JUDGMENT of Mr. Richard Humphreys delivered on the 15th day of February, 2016

The applicant was born in Nigeria in 1977, although, when claiming asylum, he stated incorrectly that he was born in 1985.


He received a six month visa from the U.K. Border Agency on 28th May, 2009. In July, 2009 in came to the UK for two weeks, and says that he returned to Nigeria on 27th July, 2009.


His claim of asylum relates to a land dispute that appears to have broken out in early 2012, in which he says an uncle was seeking to steal land belonging to him or his father. He was attacked and hospitalised, and then fled Nigeria.


He says he arrived in Ireland in January 2013. He was arrested on 10th June, 2013, and shortly thereafter, on 14th June, 2013 made an application for asylum. This was rejected by the Refugees Application Commissioner, a decision which he appealed to the Refugee Appeals Tribunal.


The tribunal rejected his appeal on 15th December, 2014. It is important to note that the appeal to the tribunal was by way of a written procedure only, because the commissioner had made a finding pursuant to s. 13(6)(a) of the Refugee Act 1996, that he had not applied for asylum as soon as practicable after arrival in the State.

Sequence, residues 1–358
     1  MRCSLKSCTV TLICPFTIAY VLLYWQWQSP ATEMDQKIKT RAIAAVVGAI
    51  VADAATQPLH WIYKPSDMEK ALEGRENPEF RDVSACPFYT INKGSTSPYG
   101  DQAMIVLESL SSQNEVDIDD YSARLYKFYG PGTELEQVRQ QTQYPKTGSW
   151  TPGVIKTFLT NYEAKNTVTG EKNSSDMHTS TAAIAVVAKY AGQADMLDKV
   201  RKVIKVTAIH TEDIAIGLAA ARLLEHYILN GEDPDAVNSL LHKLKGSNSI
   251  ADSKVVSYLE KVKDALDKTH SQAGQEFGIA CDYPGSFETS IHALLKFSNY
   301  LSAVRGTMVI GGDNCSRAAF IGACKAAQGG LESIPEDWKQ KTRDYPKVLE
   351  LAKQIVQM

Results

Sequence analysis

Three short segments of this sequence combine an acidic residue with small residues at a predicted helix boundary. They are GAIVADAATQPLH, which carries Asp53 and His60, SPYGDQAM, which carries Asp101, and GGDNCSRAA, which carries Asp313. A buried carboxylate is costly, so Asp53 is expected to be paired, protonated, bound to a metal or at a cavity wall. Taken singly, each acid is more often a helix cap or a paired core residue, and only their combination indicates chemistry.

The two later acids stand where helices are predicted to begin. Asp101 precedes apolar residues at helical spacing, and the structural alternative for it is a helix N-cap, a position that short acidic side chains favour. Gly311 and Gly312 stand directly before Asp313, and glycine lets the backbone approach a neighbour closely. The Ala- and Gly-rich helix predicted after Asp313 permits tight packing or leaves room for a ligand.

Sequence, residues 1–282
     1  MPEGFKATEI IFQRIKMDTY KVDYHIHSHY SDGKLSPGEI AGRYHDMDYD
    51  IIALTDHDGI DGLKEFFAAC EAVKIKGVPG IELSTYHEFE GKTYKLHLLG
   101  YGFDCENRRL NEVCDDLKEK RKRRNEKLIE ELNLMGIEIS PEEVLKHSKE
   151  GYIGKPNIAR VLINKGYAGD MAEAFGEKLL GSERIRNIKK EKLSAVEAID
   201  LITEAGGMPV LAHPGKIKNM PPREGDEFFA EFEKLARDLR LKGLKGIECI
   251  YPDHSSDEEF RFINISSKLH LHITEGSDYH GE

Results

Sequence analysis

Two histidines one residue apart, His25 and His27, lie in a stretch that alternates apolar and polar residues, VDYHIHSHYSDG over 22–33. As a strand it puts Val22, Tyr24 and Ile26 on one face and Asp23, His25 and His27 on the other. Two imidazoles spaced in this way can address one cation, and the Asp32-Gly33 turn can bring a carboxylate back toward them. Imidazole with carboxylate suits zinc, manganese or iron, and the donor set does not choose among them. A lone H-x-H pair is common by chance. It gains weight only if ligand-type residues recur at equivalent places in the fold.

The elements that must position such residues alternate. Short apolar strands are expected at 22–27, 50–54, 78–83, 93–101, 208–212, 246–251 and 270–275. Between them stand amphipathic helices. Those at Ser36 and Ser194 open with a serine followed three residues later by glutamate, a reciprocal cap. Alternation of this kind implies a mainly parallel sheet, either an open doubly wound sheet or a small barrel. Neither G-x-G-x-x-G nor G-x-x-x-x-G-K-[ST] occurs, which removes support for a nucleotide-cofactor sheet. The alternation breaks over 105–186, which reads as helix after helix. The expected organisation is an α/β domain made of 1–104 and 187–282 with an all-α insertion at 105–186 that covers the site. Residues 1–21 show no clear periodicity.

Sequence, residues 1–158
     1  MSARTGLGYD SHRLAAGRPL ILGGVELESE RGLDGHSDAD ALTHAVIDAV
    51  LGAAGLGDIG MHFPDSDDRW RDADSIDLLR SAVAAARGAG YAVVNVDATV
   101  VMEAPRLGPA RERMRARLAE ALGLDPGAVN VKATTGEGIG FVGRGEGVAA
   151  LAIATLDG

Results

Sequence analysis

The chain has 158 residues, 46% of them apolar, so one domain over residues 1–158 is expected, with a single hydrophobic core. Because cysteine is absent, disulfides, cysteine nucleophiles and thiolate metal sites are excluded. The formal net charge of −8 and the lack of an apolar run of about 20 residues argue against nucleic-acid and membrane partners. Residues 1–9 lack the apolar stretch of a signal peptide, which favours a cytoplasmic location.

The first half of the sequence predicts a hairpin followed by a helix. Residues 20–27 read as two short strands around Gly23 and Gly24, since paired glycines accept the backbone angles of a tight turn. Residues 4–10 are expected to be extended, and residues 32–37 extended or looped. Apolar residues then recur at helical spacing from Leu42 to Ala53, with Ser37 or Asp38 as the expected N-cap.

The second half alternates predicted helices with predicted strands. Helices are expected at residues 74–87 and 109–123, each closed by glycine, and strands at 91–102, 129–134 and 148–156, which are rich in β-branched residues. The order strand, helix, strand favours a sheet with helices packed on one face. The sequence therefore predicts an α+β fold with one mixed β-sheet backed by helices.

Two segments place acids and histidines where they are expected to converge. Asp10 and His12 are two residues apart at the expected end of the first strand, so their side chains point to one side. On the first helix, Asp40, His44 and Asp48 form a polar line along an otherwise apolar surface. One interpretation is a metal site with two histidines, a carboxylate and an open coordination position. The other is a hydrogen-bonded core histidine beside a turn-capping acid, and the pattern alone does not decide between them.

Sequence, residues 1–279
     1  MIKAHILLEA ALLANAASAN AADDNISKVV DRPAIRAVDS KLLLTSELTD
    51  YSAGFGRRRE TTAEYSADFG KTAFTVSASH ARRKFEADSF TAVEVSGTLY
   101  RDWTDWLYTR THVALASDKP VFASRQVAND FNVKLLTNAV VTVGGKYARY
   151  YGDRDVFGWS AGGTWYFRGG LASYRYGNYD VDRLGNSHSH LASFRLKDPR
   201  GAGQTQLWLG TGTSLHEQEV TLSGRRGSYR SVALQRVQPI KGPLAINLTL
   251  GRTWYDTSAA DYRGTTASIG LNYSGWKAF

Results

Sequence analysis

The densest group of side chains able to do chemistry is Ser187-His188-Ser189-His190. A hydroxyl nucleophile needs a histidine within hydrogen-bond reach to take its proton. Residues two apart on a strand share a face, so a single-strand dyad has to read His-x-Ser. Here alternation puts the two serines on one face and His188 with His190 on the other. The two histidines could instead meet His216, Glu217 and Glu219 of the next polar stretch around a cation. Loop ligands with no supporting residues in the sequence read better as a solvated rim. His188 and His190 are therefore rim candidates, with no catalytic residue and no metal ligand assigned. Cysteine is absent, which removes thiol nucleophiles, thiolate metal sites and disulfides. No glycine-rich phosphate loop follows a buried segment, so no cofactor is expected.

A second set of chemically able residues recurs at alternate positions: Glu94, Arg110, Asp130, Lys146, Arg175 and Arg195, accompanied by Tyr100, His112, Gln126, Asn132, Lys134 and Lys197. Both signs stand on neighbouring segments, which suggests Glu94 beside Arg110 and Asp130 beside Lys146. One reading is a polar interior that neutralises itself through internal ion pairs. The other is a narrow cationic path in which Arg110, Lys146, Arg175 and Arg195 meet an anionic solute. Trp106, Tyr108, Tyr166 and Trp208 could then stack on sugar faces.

Leave to seek judicial review was granted by MacEochaidh J. on 16th January, 2015, including an order extending time, and an amended statement of grounds within the terms of the order granting leave was filed on 24th February, 2015.


While not strictly relevant to the present application, I note that on 20th November, 2015, he applied for residency in the State based on marriage to an Irish citizen.

Extension of time

As noted above, an extension of time was granted by Mac Eochaidh J at the ex parte stage. The respondents have an entitlement to dispute this because they were not represented at that stage (but not otherwise), but they confirm that they take no issue with this. I am grateful to Ms. Emma Doyle B.L. for the respondents for taking a practical approach to this aspect. In any event the application was made only slightly outside the statutory period and I probably would have been minded to regard the extension of time as being appropriate.

Does the tribunal have to decide the ‘core claim’ of persecution?